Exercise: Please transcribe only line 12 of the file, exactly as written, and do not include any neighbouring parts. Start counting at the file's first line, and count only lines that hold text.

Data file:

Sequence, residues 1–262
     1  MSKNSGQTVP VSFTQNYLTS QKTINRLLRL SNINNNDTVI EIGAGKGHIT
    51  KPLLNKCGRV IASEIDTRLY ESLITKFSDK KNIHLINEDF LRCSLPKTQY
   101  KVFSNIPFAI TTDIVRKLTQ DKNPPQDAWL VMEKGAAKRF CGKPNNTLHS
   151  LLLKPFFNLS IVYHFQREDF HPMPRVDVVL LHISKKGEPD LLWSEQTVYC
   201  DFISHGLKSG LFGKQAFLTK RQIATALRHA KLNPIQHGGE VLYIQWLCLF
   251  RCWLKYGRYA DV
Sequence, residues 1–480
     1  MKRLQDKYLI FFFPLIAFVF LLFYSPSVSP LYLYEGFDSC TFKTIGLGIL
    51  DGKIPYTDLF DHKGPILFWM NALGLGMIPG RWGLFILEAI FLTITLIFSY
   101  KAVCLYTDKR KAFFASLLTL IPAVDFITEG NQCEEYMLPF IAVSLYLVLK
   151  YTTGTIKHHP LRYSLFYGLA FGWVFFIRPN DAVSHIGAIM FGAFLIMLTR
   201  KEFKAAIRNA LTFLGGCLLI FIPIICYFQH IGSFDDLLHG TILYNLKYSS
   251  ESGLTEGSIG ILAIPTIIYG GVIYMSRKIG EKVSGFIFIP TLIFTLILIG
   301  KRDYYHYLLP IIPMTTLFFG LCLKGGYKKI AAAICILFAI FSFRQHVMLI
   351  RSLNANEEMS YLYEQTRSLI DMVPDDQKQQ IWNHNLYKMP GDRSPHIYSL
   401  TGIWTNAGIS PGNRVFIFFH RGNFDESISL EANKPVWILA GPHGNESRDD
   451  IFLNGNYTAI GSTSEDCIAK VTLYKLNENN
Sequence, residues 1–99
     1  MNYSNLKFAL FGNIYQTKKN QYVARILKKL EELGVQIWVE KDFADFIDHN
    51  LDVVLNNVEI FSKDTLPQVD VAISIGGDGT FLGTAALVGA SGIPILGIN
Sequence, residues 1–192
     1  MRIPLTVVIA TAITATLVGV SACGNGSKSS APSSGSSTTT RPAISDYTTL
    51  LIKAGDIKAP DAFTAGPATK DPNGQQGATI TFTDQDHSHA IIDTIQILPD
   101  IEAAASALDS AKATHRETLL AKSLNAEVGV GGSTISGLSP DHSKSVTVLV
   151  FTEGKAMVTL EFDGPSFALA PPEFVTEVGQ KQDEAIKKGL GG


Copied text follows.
   151  YTTGTIKHHP LRYSLFYGLA FGWVFFIRPN DAVSHIGAIM FGAFLIMLTR